Suffering from terminal cancer and hospitalised since early March at the American Hospital in Paris, Hamed Bakayoko had been transferred in a serious condition to an institution in Freiburg, Germany, on the morning of 6 March to undergo experimental treatment. He died on 10 March at the age of 56.
A transfer to Turkey, where there was talk of the Ivorian prime minister undergoing an emergency transplant, had also been considered during the day of 4 March, before being finally abandoned, as doctors considered that he was no longer operable.
A battery of medical tests
Hamed Bakayoko was evacuated to France on February 18. In recent months, he had contracted Covid-19 and suffered from a severe malaria attack, but above all he said he was very tired. During a first stay in Paris, at the end of January, he had undergone a battery of medical tests at the American Hospital without any precise diagnosis being communicated.
President Alassane Ouattara visited him in Paris in early March. On 3 March, during a dinner with his counterpart Emmanuel Macron at the Élysée Palace, the Ivorian President showed concern for the health of his prime minister.
Taking note of the seriousness of the situation, the head of state signed two decrees on Monday related to Bakayoko, appointing Patrick Achi, secretary general of the presidency, as interim prime minister and Tené Birahima Ouattara, his younger brother in charge of presidential affairs, as interim defence minister.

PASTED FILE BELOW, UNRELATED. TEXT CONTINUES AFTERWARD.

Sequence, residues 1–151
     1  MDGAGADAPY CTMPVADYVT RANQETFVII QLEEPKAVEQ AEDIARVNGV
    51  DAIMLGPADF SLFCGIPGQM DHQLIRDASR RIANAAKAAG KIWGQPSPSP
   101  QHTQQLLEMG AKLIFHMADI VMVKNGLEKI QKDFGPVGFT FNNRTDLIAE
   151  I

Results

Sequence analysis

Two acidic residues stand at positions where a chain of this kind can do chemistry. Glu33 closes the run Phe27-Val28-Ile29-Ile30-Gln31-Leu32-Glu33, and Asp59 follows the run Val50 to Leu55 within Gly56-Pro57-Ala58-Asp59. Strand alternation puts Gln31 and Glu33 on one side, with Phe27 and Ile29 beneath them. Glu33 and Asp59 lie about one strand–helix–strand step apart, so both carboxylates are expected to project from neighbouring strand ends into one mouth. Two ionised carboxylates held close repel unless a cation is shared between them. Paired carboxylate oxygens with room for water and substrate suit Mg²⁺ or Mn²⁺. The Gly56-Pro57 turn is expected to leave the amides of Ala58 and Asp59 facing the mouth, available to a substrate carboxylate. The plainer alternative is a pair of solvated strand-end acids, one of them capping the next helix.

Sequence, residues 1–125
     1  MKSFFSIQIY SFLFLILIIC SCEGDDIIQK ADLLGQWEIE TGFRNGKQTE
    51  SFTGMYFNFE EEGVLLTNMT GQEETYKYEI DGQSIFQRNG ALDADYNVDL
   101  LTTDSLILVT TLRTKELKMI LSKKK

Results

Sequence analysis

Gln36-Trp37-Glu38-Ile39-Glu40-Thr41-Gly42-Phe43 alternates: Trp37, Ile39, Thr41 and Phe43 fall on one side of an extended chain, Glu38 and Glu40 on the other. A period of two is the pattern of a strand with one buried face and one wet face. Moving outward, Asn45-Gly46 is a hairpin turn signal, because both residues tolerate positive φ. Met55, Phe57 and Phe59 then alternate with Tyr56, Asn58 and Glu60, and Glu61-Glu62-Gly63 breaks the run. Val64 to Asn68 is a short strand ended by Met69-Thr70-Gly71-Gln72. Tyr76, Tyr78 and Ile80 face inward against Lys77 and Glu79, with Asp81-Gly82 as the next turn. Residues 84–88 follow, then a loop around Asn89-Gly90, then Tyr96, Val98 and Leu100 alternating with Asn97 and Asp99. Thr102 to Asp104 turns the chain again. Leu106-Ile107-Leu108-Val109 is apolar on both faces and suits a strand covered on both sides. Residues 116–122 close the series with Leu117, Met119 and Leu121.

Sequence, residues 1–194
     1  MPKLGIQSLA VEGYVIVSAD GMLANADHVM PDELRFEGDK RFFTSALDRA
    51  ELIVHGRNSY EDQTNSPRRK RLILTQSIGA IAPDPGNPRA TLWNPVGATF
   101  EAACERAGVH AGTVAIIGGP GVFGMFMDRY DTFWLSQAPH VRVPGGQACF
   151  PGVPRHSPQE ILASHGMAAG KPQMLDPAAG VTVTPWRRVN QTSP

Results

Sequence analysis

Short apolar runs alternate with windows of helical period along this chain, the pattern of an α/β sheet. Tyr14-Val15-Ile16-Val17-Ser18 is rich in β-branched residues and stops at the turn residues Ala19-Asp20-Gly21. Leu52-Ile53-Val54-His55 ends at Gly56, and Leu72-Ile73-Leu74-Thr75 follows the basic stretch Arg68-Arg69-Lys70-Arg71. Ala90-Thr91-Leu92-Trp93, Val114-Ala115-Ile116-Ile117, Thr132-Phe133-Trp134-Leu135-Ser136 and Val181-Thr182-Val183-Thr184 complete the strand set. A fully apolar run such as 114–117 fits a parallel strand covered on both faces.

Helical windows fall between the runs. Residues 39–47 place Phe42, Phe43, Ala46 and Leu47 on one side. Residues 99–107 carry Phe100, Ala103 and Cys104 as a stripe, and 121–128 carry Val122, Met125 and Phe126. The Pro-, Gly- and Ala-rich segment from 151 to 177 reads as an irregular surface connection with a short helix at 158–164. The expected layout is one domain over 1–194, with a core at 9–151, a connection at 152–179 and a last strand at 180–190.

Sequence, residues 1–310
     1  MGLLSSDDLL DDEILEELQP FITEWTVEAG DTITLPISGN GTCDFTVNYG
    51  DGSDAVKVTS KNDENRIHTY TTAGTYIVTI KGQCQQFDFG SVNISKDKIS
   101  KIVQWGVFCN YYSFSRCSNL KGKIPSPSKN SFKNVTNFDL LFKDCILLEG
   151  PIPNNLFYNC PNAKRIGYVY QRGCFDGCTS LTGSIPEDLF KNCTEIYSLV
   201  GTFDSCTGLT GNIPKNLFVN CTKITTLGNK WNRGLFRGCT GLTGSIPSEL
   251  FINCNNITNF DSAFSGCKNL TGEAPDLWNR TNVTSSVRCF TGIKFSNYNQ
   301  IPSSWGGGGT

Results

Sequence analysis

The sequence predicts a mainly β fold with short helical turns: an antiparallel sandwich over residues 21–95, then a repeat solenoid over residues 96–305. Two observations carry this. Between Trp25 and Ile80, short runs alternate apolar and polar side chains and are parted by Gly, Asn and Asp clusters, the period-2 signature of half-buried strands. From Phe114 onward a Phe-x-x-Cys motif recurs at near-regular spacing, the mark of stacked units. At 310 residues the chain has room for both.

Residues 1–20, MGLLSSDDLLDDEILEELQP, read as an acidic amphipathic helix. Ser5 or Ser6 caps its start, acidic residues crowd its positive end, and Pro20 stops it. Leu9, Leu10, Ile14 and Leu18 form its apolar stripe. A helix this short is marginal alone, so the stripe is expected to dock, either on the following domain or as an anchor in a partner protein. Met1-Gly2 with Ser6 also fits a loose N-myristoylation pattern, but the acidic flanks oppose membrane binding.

For Ouattara, history is repeating itself. On 8 July, Amadou Gon Coulibaly, his prime minister and designated dauphin, died suddenly in Abidjan after falling ill in the middle of a council of ministers meeting. A week earlier, he had returned from a three-month medical stay in Paris to treat his heart problems.
Bakayoko was then chosen to succeed him as prime minister, but not to take on the role of successor, as Ouattara preferred to run for a third term despite the criticism. A loyal lieutenant of the head of state for more than 20 years, Bakayoko had become a key member of Ouattara’s entourage.
Minister of Defence and mayor of Abobo, he was also running for a deputy’s seat in his constituency of Seguela under the banner of the Rassemblement des Houphouëtistes pour la Démocratie et la Paix. In the presidential camp, he appeared to be one of the strongest candidates to succeed Ouattara.
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